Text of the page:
Diagnostic testing for COVID-19 is now widely available. Visit our community testing page to locate testing in your area or call 602-506-6767 for more information about testing options and availability.

If you do not have a medical home or are uninsured, consider visiting a community health center if you need medical help. They will work with you to help you get access to a healthcare provider. Please call 602-253-0090 or look at the AACHC website for a health care center near you.

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Caring for Someone with COVID-19

Most people who get sick with COVID-19 will have only mild illness and recover at home with plenty of rest and lots of fluids. Care at home can help stop the spread of COVID-19 and help protect people who are at risk for getting seriously ill from COVID-19. 

Adults over 65 and people of any age with certain serious underlying medical conditions like lung disease, heart disease, or diabetes are at higher risk for developing severe disease from COVID-19 illness and should seek medical care as soon as symptoms start.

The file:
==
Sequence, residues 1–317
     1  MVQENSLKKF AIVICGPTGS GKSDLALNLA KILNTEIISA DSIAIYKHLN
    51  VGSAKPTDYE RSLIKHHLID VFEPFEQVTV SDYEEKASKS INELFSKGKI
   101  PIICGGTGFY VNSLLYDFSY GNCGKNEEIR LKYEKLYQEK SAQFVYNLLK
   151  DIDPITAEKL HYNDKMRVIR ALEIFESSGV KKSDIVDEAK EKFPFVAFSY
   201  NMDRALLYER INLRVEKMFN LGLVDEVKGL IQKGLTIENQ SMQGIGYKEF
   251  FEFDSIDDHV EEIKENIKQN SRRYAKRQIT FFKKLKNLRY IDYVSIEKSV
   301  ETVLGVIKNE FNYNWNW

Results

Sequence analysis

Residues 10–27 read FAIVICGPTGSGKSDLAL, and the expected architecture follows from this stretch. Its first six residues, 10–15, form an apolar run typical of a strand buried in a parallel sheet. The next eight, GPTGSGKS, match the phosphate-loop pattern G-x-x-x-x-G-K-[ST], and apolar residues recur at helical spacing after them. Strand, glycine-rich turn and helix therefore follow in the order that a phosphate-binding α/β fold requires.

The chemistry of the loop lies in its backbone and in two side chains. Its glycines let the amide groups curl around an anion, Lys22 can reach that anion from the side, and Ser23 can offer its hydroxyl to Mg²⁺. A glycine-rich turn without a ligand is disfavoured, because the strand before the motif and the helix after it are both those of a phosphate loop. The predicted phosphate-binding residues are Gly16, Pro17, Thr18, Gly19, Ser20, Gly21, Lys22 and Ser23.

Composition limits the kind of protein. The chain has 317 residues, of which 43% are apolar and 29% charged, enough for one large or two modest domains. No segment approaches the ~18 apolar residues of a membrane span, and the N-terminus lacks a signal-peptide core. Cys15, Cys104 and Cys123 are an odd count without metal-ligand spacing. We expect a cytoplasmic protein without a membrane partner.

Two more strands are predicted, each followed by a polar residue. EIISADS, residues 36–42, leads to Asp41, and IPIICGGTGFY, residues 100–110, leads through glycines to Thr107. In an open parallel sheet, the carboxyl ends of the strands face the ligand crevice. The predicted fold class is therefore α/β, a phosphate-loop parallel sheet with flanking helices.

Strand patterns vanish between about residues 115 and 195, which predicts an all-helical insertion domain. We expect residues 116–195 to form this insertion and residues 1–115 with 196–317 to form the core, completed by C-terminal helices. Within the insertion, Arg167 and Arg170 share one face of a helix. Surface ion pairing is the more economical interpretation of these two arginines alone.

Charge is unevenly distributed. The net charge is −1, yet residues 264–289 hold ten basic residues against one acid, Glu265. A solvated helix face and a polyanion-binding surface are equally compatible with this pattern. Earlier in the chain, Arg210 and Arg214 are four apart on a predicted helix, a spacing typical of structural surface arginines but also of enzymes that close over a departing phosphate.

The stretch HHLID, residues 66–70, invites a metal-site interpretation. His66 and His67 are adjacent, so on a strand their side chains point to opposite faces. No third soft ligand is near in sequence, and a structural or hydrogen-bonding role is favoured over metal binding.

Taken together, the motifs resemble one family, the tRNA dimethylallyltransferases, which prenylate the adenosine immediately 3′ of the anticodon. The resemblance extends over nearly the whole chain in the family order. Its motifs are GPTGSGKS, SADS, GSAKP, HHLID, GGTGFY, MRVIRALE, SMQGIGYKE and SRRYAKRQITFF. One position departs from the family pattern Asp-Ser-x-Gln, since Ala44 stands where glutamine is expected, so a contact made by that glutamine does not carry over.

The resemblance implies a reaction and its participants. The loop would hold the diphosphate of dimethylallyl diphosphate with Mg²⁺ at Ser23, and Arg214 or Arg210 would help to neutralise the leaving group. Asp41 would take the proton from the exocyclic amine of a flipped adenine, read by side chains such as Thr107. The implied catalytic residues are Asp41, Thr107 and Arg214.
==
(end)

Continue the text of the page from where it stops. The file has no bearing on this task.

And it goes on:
If you are caring for someone at home, monitor for emergency signs of worsening health, help prevent the spread of germs, provide symptom care, and understand time frames for when to end home isolation. Keep their healthcare provider’s contact information in a visible place for easy reference.

What should I look for when monitoring their symptoms?

Symptoms of COVID-19 include fatigue, muscle or body aches, fever, headache, new loss of taste or smell, sore throat, cough, congestion or runny nose, nausea or vomiting, and diarrhea. Call their healthcare provider if the person you’re caring for seems to be worse, especially if showing any of these emergency warning signs:

  • Trouble breathing
  • Persistent pain or pressure in the chest